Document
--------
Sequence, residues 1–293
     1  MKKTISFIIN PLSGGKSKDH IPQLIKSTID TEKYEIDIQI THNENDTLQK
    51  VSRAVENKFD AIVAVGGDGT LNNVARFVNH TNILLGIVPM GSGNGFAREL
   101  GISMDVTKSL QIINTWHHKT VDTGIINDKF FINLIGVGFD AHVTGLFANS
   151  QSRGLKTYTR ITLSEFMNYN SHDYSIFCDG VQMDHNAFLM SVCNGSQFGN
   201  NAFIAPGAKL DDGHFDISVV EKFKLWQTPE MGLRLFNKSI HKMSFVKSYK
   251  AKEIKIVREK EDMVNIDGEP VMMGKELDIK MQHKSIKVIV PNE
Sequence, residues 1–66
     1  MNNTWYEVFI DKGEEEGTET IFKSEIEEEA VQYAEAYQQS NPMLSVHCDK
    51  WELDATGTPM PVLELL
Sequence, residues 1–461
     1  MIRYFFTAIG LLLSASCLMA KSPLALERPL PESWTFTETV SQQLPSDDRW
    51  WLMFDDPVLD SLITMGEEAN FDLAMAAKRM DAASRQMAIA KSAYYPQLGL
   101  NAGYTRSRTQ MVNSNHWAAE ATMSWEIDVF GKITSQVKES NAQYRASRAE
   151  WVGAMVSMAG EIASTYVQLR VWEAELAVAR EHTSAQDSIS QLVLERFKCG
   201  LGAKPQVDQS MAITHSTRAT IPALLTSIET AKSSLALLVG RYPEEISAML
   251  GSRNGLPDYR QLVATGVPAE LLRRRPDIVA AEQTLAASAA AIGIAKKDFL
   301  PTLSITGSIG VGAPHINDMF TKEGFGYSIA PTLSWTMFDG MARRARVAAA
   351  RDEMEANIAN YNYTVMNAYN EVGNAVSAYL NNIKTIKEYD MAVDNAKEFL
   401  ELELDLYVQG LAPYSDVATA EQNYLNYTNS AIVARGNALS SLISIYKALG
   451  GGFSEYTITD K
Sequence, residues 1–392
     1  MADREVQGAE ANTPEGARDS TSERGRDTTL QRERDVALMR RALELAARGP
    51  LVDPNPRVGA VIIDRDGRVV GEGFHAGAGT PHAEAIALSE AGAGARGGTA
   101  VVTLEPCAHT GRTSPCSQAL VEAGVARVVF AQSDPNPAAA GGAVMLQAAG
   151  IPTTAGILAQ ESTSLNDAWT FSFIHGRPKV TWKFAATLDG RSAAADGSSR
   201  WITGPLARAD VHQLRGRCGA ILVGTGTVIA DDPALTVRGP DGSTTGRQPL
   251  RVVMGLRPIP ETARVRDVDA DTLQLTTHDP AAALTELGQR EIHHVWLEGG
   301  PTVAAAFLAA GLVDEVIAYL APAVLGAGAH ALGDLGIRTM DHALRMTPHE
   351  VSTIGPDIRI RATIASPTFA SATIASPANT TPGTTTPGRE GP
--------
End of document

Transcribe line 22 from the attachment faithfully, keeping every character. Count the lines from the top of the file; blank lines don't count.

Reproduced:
Sequence, residues 1–392